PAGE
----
### 2.4. VOC sampling and analysis

A portable sampling pump (Model Gilian GilAir Plus STP; Sensidyne LP, St. Petersburg, FL, USA) was used to pull a known volume of air from the outlet line of each plant enclosure and onto multibed stainless steel cartridges packed with Tenax TA and Carbograph 5TD, with quartz wool separating the 2 adsorbents (Part number: C3-AXXX-5304; Markes International Ltd, Llantrisant, UK). The sorbent cartridge was positioned in between the enclosure outlet and the pump. This configuration ensures that the VOCs in the sample air do not pass through (and therefore do not interact with) the pump, thereby preserving sample integrity. Blank (i.e., background) samples were collected from the blank Teflon enclosure for each sampling day to characterize the background level of BVOCs in the sampling system. This background BVOC level was subtracted from the BVOC amount fractions measured in the effluent air from each plant enclosure, as illustrated in Equation 1. The background BVOC amount fractions typically ranged between 0% and 4% of the amount fractions from the plant enclosures.

A 1-L sample volume was pulled from each enclosure at a flow rate of 100 mL/min. Prior to sampling, the sorbent cartridges were first conditioned to remove any trace amounts of VOCs that may have carried over from previous samples. Cartridge conditioning was carried out by flowing UHP nitrogen gas through each cartridge and heating it at 330°C for 30 min. Once the conditioning process was completed, the cartridges were capped with brass storage caps to restrict the passive diffusion of contaminants from the laboratory air into the cartridges. After sampling, the cartridges were promptly analyzed on our thermal desorption–gas chromatography with mass spectrometry and flame ionization detector (TD-GC-MS/FID) system (see Section 2.4.1), otherwise they were kept under refrigeration (2°C–3°C) until the GC-MS system was ready for cartridge analysis. BVOC ERs, normalized to leaf surface area (E, pmol m–2 s–1) were then calculated based on Equation 1 (Niinemets et al., 2011; Harley et al., 2014):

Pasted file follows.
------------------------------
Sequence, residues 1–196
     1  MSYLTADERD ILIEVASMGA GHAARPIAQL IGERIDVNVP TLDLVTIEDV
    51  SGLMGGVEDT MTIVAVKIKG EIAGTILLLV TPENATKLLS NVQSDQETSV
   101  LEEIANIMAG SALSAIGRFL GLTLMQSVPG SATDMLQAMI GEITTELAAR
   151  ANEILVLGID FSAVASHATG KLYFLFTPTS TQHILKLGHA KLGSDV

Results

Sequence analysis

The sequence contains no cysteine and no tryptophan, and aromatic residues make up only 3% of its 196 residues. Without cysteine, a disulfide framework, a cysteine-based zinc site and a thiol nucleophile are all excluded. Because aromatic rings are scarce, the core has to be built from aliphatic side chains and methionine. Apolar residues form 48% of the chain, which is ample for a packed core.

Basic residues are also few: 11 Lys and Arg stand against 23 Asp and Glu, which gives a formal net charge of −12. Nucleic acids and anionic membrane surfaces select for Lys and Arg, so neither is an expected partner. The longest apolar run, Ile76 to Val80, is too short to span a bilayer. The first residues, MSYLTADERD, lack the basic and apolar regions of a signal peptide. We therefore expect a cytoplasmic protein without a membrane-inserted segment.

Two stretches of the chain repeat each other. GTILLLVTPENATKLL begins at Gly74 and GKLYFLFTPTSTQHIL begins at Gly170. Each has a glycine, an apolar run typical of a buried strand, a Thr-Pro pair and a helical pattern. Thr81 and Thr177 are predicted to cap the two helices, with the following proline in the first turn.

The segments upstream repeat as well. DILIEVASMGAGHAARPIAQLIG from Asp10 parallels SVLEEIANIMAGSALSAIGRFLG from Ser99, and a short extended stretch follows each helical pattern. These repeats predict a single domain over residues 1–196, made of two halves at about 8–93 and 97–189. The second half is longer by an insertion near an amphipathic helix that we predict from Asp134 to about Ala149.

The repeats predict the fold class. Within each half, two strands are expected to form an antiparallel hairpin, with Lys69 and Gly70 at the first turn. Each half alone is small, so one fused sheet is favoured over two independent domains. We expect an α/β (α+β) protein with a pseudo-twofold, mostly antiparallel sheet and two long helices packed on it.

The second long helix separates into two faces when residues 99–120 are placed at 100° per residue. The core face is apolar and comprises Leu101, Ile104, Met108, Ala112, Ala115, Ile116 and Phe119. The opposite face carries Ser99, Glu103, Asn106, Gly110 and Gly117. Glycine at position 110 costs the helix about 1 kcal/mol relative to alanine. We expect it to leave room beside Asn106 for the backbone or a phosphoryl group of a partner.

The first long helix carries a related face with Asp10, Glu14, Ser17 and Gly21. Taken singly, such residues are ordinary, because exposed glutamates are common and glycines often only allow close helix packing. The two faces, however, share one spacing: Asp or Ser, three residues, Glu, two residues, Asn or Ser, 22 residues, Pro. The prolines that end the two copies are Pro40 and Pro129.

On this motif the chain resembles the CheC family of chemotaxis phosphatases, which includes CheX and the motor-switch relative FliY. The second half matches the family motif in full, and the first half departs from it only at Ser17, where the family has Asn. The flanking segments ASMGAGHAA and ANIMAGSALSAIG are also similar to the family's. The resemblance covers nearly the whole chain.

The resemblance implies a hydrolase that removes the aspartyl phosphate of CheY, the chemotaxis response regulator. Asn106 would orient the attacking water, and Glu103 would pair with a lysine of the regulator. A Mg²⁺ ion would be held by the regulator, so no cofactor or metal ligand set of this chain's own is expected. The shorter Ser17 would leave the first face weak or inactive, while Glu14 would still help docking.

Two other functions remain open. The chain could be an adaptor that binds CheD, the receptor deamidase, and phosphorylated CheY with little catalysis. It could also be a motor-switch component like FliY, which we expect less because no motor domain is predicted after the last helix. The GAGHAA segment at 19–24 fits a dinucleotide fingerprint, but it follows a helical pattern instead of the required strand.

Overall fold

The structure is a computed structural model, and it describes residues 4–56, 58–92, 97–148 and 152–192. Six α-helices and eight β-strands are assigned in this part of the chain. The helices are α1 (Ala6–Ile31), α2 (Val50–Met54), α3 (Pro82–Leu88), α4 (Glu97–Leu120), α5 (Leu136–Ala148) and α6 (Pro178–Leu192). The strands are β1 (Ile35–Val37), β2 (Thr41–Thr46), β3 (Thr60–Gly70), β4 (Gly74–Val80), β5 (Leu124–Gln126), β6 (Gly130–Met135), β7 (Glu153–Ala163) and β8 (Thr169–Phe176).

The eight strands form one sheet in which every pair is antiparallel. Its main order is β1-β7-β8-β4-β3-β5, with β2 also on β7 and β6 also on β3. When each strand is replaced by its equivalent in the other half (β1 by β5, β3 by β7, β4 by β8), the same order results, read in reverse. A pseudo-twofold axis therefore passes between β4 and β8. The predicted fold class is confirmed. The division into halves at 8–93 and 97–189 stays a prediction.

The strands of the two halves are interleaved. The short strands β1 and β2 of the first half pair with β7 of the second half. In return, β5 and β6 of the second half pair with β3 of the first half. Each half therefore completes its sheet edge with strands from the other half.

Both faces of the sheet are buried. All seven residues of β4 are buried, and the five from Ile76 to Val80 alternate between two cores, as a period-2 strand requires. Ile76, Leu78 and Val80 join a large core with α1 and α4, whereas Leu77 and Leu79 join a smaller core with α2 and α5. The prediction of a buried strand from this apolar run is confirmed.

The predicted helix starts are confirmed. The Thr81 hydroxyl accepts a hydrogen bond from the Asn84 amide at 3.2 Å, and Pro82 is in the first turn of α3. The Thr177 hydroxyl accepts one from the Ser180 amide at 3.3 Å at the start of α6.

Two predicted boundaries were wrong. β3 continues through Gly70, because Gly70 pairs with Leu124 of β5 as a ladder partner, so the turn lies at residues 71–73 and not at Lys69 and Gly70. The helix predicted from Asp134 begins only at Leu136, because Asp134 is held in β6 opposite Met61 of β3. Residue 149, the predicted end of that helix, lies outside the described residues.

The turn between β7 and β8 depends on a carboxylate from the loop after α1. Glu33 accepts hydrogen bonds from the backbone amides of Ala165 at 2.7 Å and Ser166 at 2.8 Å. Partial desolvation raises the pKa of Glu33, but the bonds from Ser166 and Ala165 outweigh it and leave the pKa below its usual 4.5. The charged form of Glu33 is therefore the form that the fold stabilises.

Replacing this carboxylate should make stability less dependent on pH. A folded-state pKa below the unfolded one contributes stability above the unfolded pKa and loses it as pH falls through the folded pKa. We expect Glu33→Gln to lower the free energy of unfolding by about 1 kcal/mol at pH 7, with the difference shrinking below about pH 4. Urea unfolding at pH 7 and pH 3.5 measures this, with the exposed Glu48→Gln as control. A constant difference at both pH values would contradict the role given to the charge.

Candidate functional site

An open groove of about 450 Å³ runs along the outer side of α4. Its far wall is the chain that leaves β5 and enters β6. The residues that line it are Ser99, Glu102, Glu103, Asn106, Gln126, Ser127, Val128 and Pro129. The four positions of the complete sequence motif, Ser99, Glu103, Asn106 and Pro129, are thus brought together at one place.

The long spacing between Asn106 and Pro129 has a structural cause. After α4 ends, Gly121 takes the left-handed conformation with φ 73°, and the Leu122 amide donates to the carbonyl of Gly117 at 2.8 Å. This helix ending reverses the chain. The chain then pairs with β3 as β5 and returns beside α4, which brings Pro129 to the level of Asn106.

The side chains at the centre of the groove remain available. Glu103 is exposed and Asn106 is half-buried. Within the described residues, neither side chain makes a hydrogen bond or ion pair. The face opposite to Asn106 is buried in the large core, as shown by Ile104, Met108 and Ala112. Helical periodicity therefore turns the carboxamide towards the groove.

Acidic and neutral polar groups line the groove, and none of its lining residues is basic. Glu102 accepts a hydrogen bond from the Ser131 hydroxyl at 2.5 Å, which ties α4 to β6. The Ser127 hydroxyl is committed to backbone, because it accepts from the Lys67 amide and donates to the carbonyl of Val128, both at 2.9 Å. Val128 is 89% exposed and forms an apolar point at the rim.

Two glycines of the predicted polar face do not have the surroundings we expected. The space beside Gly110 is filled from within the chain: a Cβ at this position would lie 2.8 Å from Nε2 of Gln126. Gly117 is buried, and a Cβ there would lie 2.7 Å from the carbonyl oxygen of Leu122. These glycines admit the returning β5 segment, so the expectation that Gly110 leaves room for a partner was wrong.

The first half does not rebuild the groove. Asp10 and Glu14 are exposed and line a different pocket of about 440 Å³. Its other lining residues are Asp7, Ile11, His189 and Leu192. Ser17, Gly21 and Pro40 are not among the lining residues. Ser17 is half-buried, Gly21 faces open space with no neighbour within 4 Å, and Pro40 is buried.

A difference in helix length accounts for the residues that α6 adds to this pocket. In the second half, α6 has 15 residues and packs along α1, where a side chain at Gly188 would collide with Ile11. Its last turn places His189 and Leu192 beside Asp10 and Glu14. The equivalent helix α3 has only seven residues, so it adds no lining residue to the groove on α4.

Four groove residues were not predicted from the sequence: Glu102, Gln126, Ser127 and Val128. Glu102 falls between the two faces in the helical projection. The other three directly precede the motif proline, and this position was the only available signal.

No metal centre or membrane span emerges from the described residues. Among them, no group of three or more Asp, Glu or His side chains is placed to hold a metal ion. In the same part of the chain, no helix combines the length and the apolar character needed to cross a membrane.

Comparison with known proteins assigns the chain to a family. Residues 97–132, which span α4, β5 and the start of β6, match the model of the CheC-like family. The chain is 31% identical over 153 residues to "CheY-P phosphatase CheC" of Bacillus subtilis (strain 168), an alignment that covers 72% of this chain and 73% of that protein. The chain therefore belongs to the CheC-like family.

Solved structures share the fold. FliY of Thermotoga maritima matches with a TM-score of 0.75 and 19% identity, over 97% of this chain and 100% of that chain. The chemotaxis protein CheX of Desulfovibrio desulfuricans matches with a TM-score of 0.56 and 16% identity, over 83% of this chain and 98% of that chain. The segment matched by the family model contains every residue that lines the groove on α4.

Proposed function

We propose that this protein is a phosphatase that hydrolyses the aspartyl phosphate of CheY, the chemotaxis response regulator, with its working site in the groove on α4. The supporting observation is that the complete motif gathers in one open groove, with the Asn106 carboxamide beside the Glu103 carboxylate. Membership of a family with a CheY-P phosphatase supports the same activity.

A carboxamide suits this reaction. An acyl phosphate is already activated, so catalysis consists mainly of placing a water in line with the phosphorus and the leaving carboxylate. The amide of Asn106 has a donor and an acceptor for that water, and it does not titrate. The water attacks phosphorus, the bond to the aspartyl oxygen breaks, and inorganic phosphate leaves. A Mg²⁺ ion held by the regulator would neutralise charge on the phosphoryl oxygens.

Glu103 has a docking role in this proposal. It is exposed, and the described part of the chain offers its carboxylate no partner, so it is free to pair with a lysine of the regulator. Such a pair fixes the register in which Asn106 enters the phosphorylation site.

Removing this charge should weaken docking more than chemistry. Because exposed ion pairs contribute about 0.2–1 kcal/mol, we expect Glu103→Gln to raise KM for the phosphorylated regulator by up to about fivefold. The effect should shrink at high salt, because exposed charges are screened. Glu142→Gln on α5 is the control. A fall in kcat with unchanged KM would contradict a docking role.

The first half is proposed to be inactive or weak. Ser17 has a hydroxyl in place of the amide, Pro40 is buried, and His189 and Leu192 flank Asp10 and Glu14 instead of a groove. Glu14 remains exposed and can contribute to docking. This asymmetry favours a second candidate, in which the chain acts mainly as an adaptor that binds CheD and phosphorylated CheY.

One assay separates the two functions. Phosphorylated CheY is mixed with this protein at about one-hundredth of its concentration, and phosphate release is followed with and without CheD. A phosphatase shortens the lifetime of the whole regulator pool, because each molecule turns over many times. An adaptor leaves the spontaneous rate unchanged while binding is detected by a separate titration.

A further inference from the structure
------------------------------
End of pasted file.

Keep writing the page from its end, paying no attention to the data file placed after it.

$E=(Cout−Cin)ALF,$
1

where Cout and Cin (pmol/m3) are the concentrations of the BVOC of interest in the air leaving and entering the plant enclosure, respectively. In our gas exchange system, the value of Cin is characterized by the concentration of the relevant BVOC measured in the air exiting the blank enclosure (i.e., background BVOC level). F (m3/s) is the airflow rate into the plant enclosure and AL (m2) is the total enclosed, one-sided leaf surface area, which was determined according to the following protocols. All the leaves enclosed within each plant enclosure were harvested at the conclusion of each stress experiment. The leaves were photographed together with a 2 cm by 2 cm, red-colored reference square that was placed in the same plane as the leaves. The reference square acted as a scale to calibrate the area of the leaves. The batch of digital images was then uploaded onto a computer and an open-source digital image analysis program (Easy Leaf Area; University of California at Davis, CA, USA) was used to batch-process the images and rapidly calculate the leaf areas. The methodology and digital protocols employed by the processing software is further detailed in Easlon and Bloom (2014). Afterward, the leaves were oven-dried at 70°C for 72 h and were subsequently weighed using an electronic mass balance (Model Practum513-1S; Sartorius GmbH, Goettingen, Germany) to obtain their dry weight. Dry weight values were not obtained for the leaves from the 6 Roma seedlings (Roma C1, C2, C3, HS1, HS2, and HS3) since these leaves were used for gene expression analysis (see Section 2.6).